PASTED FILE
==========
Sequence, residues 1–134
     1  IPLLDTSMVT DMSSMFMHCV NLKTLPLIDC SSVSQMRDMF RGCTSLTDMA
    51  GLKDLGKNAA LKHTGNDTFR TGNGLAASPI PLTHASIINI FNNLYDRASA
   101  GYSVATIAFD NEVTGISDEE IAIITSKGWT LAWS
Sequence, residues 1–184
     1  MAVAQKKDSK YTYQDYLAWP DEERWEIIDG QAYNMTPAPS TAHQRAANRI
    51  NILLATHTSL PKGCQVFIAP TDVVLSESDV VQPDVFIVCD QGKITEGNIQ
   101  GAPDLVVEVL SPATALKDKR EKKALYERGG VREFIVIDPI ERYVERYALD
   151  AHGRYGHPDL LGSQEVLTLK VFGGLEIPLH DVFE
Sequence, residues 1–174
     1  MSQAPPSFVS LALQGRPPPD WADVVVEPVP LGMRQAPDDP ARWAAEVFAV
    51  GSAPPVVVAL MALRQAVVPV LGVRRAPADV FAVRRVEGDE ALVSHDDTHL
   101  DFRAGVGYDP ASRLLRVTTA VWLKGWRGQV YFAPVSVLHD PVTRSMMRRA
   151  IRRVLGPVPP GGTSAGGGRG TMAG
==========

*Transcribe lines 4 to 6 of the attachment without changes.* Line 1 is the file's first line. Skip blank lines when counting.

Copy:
   101  GYSVATIAFD NEVTGISDEE IAIITSKGWT LAWS
Sequence, residues 1–184
     1  MAVAQKKDSK YTYQDYLAWP DEERWEIIDG QAYNMTPAPS TAHQRAANRI